The Rise of the Motorcycle Part And Motorcycle Fairing

Economic woes and rising gas prices have led to a considerable boost in the number of motorcycle sales.  Between 1997 and 2006, yearly motorcycle sales jumped from about 356,000 to practically 1.1 million bikes.  Not surprisingly, when the National Highway Traffic Safety Administration (NHTSA) released their motor vehicle fatality report in 2007 the number of motorcycle deaths increased by almost 7%.  That was the largest jump in fatalities for the motorcycle sector since the government began keeping statistics for them in the mid-1970s.

Despite the fact that all 50 states and the District of Columbia require a license to operate a motorcycle, only a handful of them require a rider education course. Most states will concern a license with only a passing written exam score and on-cycle abilities test.  With the ever increasing number of motorcycle riders there has been a surge in the number of programs offering training classes.  Sadly, the number of class participants does not equal the number of inexperienced riders on the road.  This lack of training and experience have contributed to the ever-increasing fatality rate in motorcycle accidents.  

Coupled with the dramatic increase in motorcycle sales and inexperienced riders, numerous states also began repealing their motorcycle helmet laws, which continues to lead to increases in motorcycle fatalities. Without head protection riders instantly decrease their likelihood of surviving a crash. While not all motorcycle helmets are created equally, the Department of Transportation has set standards for the helmets they approve.  The safest helmets weigh at least three pounds, bear a a\u8364X?DOTa\u8364X? sticker, have a full visor and have a thick protective inner core that is at least an inch thick.  According to the NHTSA data, just investing in and wearing a safe helmet can boost a rider’s likelihood of survival in a crash by nearly 37%.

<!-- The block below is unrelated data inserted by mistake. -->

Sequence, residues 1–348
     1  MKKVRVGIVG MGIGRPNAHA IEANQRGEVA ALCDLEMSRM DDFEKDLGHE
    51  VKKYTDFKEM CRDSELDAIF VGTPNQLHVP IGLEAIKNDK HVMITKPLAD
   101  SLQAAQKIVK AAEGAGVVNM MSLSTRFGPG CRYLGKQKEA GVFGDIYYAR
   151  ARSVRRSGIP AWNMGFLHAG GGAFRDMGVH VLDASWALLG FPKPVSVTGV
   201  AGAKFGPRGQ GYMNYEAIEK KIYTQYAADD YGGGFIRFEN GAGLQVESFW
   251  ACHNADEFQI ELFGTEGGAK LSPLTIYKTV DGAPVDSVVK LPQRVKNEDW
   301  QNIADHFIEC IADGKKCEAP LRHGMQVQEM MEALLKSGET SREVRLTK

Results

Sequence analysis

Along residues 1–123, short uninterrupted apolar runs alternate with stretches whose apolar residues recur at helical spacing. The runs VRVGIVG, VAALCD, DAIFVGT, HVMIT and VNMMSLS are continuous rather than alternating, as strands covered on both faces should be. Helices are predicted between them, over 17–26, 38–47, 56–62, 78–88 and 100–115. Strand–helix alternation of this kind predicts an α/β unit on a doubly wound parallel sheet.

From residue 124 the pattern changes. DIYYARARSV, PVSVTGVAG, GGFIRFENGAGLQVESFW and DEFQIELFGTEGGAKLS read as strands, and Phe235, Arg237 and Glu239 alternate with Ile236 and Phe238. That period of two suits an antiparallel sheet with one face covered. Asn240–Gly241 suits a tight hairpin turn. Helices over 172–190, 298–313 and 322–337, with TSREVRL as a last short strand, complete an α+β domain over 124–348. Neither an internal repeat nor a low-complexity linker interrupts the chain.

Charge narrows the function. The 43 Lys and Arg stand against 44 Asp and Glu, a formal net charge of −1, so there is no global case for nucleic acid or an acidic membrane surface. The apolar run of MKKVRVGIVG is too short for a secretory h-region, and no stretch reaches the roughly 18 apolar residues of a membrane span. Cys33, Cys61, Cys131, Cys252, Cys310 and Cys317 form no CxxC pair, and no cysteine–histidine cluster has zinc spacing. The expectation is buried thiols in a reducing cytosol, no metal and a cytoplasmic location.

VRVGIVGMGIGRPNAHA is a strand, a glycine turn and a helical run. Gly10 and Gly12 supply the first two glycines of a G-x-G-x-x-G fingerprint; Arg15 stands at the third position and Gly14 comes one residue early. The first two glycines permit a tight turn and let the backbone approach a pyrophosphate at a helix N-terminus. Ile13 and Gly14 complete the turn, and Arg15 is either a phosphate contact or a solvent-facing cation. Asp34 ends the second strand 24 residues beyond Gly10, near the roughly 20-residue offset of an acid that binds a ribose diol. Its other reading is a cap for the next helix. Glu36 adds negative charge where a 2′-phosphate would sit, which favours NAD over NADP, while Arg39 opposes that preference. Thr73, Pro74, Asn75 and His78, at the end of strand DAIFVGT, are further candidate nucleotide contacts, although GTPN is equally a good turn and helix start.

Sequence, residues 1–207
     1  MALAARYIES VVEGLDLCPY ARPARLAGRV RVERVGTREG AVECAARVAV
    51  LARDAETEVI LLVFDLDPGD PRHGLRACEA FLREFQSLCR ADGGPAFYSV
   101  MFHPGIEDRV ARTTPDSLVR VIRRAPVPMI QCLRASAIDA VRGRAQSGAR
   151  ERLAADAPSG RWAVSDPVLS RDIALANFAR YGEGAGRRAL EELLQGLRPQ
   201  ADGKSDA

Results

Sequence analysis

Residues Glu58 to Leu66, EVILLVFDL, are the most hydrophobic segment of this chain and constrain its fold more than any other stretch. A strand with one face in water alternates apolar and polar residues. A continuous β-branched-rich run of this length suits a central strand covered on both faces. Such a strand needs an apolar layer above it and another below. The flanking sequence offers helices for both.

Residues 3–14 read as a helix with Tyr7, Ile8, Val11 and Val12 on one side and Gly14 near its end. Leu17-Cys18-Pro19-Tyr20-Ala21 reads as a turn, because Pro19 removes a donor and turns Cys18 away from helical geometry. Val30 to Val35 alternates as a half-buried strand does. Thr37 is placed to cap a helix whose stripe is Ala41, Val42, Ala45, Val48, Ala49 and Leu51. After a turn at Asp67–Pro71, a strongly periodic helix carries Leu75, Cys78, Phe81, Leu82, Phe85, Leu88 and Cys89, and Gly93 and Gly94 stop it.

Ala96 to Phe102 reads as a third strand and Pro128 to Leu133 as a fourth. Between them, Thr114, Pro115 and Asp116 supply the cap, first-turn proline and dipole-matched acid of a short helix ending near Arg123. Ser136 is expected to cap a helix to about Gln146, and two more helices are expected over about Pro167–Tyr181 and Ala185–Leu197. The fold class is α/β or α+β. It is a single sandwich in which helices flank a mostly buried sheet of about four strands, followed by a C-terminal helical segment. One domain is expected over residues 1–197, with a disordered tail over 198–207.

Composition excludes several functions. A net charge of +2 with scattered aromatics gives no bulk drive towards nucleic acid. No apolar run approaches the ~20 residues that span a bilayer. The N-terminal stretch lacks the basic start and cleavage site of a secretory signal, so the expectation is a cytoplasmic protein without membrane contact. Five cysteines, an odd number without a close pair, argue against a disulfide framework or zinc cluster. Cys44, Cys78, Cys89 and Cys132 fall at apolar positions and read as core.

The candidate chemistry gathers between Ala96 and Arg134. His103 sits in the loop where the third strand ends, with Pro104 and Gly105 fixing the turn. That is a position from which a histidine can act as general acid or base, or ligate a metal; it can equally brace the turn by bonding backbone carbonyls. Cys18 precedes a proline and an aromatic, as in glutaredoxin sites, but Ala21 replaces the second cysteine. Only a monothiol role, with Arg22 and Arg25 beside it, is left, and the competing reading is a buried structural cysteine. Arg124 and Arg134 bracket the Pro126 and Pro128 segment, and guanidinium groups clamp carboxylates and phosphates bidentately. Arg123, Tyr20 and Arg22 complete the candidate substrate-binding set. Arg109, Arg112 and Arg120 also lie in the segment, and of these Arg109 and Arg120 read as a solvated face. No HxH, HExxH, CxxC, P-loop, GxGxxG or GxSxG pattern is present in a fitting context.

There are other safety equipment concerns when riding a motorcycle.  The stereo-typical image of a rider is 1 dressed head to toe in leather, heavy boots and a full-visored helmet.  That image is also 1 of a extremely safety-conscious rider.  Motorcycle jackets are specifically designed for use when riding.  The leather is heavier and tougher than in typical mens leather jackets.  These jackets supply protection from road burn, better wicking capabilities throughout rain, and supply far better protection against insects and other materials that may possibly be thrown up from the ground while driving.  Leather pants and gloves offer the exact same benefits for their respective areas.

Difficult-soled, heavy boots supply riders with the best foot protection whilst riding.  They can make all the difference even though trying to prevent a bike from falling, since of their sturdiness and structure. Soft-soled sneakers supply little protection against road rash and can easily pop off during a crash.   Protecting the foot is an essential component of being able to walk away from an accident scene unharmed.

Despite the fact that no safety equipment can totally protect a rider from an accident, it can considerably boost survival rates during one.  Use frequent sense when riding.  Drive defensively, being particularly conscious of high-profile vehicles that could have a tough time seeing motorcycle riders.  Make the bike visible after dark.  These basic steps can boost the odds of surviving a crash and winding up a statistic.

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